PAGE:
LEXICOLOGY AND ETIMOLOGY
How are English words classified?
The general study of words and vocabulary, irrespective of the specific features of any particular language, is known as general lexicology.
It goes without saying that every special lexicology is based on the principles of general lexicology, and the later firms a part of general linguistics.
English words have been traditionally classified into eight lexical categories or parts of speech (and are still done so in most dictionaries):
Noun-Any abstract or concrete entity; a person (police officer, Michael), place (coastline, London), thing (necktie, television), idea (happiness), or quality (bravery) Pronoun-Any substitute for a noun or noun phrase (them)
Adjective-Any qualifier of a noun or pronoun (big)
Verb-Any action (walk), occurrence (happen), or state of being (be) Adverb-Any qualifier of an adjective, verb, clause, sentence, or other adverb (very) Preposition-Any establisher of relation and syntactic context (in) Conjunction-Any syntactic connector (and)
Interjection-Any emotional greeting (or "exclamation") (ow)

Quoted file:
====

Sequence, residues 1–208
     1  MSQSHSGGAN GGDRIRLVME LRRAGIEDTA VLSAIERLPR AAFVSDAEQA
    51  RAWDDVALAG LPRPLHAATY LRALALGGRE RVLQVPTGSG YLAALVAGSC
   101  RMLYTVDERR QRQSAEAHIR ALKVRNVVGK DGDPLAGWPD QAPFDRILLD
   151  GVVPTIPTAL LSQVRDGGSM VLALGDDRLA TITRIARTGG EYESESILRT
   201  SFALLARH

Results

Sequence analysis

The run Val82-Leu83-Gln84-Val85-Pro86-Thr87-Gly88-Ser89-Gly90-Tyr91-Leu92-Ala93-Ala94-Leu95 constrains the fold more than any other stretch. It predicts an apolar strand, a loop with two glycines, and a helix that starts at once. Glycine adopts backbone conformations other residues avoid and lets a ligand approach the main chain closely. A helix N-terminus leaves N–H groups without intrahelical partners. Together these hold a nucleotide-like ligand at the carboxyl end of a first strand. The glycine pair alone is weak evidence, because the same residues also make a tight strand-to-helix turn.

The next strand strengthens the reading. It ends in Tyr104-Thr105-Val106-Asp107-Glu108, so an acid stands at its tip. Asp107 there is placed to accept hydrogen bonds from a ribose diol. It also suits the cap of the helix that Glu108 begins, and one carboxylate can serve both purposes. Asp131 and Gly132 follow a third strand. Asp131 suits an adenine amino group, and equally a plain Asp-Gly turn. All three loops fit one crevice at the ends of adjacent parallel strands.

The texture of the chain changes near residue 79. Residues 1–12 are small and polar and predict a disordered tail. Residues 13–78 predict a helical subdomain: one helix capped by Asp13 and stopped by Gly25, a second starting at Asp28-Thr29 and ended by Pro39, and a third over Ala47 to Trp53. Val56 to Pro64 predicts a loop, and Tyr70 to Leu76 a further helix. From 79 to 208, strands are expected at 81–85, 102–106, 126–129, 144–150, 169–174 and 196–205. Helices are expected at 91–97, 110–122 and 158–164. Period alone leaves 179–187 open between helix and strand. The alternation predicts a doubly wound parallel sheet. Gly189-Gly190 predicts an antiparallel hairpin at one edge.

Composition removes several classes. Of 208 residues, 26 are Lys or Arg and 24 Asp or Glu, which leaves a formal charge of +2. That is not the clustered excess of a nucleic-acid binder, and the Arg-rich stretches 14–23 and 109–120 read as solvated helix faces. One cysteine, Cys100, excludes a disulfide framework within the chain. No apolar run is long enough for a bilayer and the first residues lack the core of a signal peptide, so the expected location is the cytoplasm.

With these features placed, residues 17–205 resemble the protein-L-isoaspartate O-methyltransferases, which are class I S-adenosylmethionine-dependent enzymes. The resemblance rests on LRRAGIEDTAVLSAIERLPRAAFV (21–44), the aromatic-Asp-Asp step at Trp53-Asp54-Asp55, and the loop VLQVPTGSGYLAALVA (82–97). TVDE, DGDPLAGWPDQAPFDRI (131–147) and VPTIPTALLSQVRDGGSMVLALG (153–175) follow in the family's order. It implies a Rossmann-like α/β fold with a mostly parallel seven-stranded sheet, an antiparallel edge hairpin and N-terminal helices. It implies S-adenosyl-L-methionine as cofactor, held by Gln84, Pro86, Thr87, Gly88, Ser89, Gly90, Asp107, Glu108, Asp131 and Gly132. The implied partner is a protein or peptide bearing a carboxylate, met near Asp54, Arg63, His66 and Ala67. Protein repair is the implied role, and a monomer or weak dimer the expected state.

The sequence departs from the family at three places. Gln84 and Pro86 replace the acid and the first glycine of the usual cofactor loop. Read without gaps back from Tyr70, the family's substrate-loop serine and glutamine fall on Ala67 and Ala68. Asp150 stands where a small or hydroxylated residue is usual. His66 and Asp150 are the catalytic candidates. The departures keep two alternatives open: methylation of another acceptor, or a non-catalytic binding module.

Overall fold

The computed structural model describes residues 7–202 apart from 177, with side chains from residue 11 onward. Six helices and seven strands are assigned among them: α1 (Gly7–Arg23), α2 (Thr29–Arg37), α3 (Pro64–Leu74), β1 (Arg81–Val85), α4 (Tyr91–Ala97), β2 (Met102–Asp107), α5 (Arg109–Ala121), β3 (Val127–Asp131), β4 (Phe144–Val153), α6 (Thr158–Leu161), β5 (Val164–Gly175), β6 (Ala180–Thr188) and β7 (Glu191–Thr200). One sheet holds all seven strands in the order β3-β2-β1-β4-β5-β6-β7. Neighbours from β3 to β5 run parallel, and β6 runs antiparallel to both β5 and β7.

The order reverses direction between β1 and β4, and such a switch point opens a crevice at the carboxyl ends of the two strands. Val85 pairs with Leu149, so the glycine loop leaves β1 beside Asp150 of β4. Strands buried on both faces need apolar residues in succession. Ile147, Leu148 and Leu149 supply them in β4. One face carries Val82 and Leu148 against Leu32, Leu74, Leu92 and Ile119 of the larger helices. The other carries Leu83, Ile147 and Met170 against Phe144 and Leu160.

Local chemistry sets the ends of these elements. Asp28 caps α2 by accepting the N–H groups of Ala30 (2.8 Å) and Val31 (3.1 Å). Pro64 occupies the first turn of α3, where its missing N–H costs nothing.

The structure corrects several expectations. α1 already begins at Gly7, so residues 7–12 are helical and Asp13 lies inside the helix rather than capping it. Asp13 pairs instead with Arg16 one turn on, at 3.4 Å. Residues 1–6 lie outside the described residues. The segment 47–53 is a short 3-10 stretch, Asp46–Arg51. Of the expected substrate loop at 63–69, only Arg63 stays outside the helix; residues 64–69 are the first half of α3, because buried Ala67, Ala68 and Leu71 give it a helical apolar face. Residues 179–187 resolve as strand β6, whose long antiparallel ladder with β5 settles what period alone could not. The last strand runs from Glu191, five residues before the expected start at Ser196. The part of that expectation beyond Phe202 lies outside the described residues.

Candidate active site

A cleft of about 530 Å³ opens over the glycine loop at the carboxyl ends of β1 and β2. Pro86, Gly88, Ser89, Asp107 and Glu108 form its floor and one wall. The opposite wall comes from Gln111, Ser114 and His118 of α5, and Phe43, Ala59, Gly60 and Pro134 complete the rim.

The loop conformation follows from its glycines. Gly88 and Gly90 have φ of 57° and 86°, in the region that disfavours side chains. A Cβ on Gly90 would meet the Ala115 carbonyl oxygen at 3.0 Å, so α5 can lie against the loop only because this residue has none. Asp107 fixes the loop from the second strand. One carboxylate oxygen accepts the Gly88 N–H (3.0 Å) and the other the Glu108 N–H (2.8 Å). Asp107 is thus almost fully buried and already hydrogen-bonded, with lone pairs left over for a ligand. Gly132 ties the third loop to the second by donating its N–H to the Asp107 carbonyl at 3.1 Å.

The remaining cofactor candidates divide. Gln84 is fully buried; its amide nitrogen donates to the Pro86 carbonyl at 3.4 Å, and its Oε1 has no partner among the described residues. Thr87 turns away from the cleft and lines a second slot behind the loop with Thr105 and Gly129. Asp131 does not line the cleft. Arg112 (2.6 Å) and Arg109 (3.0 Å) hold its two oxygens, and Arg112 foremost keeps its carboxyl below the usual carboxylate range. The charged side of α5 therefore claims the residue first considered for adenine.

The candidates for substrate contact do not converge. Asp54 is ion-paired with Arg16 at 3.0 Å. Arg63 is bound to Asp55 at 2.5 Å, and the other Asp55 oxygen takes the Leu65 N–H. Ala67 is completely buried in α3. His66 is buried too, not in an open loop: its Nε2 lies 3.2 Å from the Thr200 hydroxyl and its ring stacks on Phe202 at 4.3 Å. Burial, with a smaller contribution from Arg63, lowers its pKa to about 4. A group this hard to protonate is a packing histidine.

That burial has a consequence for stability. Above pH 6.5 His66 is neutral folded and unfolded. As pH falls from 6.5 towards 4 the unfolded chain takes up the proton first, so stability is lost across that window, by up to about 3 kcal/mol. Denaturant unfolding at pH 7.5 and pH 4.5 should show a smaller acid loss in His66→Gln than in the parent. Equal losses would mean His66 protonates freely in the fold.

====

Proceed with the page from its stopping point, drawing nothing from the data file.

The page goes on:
The four main parts of speech in English, namely nouns, verbs, adjectives and adverbs, are labelled "form Classes" as well. This is because prototypical members of each class share the ability to change their form By accepting derivational or inflectional morphemes. The term "form" is used because it refers literally to The similarities in shape of the word in its pronunciation and spelling for each part of speech. Modern linguists prefer to list words in classes that are coherent - all the words in them should behave in the same Way. But if this principle were applied rigidly, we would have hundreds of classes, so we allow irregularities!
What are the fundamentals features of the basic word stock of the English vocabulary? Etymology (Gr. etymon “truth” + Gr. logos “learning”) is a branch of linguistics that...
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